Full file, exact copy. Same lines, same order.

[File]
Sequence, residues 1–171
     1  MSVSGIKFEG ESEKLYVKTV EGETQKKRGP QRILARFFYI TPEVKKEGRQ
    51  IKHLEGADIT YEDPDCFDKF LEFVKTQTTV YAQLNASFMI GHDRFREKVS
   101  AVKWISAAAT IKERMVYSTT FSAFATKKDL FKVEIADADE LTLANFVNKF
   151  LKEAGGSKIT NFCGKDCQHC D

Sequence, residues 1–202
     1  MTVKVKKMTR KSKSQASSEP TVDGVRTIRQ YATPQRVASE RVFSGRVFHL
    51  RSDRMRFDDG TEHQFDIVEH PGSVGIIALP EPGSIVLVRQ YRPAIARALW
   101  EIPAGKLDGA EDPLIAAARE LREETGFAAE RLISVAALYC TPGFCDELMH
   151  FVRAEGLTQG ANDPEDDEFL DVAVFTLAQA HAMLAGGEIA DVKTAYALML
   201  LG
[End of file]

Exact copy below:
Sequence, residues 1–171
     1  MSVSGIKFEG ESEKLYVKTV EGETQKKRGP QRILARFFYI TPEVKKEGRQ
    51  IKHLEGADIT YEDPDCFDKF LEFVKTQTTV YAQLNASFMI GHDRFREKVS
   101  AVKWISAAAT IKERMVYSTT FSAFATKKDL FKVEIADADE LTLANFVNKF
   151  LKEAGGSKIT NFCGKDCQHC D

Sequence, residues 1–202
     1  MTVKVKKMTR KSKSQASSEP TVDGVRTIRQ YATPQRVASE RVFSGRVFHL
    51  RSDRMRFDDG TEHQFDIVEH PGSVGIIALP EPGSIVLVRQ YRPAIARALW
   101  EIPAGKLDGA EDPLIAAARE LREETGFAAE RLISVAALYC TPGFCDELMH
   151  FVRAEGLTQG ANDPEDDEFL DVAVFTLAQA HAMLAGGEIA DVKTAYALML
   201  LG